The busy race for space continued with, among other events, the launch of the Mars InSight lander aboard an Atlas 5 rocket in May and Richard Branson’s Virgin Galactic SpaceShip Two rocket plane, which flew to the edge of space in December. (For more, read the Year in Space.)
Amid a broader national debate over U.S. immigration practices, GeekWire spotlighted the stories of a diverse group of immigrant entrepreneurs and tech leaders over the summer. We asked how the U.S. could improve immigration policy, and we spoke to women entrepreneurs about the biases and microaggressions they experience. (Watch the video series.)
Tracking tech in the Steel City
After Amazon announced plans at the end of 2017 to solicit proposals from North American cities interested in being home to the company’s second headquarters, GeekWire decided to give the same thing a try. Pittsburgh beat out a handful of other hopefuls, and in February we hit the road for a month to learn about and chronicle the emerging tech scene in the once mighty Steel City.
We found self-driving cars, cutting-edge robotics and computer science, a startup scene looking for attention, health and sports and arts tech, and a population starving for the chance to prove how hard working it could be should 50,000 jobs come their way. Amazon ultimately chose another two cities for HQ2, but we’ll never regret our chance to discover Pittsburgh. (Read full coverage from the project.)
DreamBox dreams big
In one of the biggest financing deals of the year, Bellevue, Wash.-based DreamBox Learning — makers of an adaptive K-8 math education platform — announced in July that it has raised $130 million. Led by CEO Jessie Woolley-Wilson, the education technology startup is “on mission to transform the way the world learns by using intelligent adaptive technology,” she said.
It was a big year for initial public offerings, as four companies with deep roots in Washington state made their stock market debuts in 2018: tax automation software maker Avalara; electronic signature pioneer DocuSign; enterprise software company Smartsheet; and fiber laser manufacturer nLight. That was up from last year’s total when just online real estate company Redfin went public. In total across the U.S., there were 191 IPOs in 2018, up from 160 in 2017 and 105 in 2016, according to Renaissance Capital. While big tech companies like Uber, Slack and Airbnb are lining up to go public in 2019 at lofty valuations, some are predicting a slow down for IPOs in the Seattle region.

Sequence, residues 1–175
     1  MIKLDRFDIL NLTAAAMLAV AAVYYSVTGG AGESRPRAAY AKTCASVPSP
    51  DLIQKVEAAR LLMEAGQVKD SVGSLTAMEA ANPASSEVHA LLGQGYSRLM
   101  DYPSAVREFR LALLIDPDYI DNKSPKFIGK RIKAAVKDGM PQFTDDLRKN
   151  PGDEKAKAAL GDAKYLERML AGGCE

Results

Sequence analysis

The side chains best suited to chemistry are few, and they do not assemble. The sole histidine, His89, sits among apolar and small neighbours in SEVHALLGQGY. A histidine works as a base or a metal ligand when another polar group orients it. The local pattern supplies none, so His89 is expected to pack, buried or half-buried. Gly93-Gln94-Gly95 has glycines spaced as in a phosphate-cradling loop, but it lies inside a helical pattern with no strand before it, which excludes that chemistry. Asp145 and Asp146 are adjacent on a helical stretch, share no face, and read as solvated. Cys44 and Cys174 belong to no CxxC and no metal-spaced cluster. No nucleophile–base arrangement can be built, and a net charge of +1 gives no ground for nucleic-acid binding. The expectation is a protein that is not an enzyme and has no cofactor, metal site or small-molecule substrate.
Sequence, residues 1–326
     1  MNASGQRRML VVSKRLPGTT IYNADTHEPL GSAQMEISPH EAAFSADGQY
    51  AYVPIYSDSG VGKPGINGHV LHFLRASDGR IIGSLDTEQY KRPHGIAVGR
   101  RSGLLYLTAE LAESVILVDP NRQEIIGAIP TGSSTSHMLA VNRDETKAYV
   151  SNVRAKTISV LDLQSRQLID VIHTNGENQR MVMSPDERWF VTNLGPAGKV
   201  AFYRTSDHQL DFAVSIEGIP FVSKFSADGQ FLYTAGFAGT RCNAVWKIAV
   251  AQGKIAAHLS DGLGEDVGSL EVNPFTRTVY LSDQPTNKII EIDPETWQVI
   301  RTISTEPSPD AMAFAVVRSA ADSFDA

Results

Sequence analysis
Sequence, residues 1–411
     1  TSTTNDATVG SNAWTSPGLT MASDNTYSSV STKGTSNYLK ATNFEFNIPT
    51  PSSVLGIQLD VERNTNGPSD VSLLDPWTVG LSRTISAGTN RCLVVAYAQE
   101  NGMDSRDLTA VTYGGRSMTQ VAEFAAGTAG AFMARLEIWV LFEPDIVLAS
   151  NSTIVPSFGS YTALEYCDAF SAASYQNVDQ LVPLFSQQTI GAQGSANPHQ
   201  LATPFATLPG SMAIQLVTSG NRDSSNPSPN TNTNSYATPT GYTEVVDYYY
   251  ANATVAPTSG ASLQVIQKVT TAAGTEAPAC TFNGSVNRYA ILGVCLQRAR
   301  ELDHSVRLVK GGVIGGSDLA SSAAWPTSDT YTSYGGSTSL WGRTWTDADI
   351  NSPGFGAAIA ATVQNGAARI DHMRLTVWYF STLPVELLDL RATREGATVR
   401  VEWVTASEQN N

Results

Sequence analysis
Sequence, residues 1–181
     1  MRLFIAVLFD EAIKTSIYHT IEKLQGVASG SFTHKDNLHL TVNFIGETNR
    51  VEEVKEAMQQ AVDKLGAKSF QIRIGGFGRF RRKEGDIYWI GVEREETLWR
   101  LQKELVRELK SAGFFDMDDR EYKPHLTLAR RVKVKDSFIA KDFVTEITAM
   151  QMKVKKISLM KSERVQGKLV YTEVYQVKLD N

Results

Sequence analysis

From the GeekWire Awards to the Cloud Tech Summit to the GeekWire Summit, we played host to some of the most innovative and interesting people in tech in 2018.
Uber’s change in direction
On the brink of a promised IPO in the new year, the ride-hailing giant Uber wasn’t done looking at tough issues in the rear view mirror this year. Whether it was dealing with internal harassment issues, data breaches or the death of a woman run over by one of its self-driving vehicles, Uber had a lot on its plate. Chief Legal Officer Tony West made the argument to GeekWire why the company deserves a second chance.
Fun and games
At the top of Seattle’s iconic and redesigned Space Needle or deep inside a virtual reality experience, there’s no shortage of fun to explore when engineering, science and technology join forces to wow us. Or maybe we just appreciate giggling at naked people on LimeBikes.
Shop owners, artists, athletes, kid coders, CEOs and more didn’t shy from sharing their varied and interesting viewpoints about the work they do, the places where they live and tech’s impact on everyday life.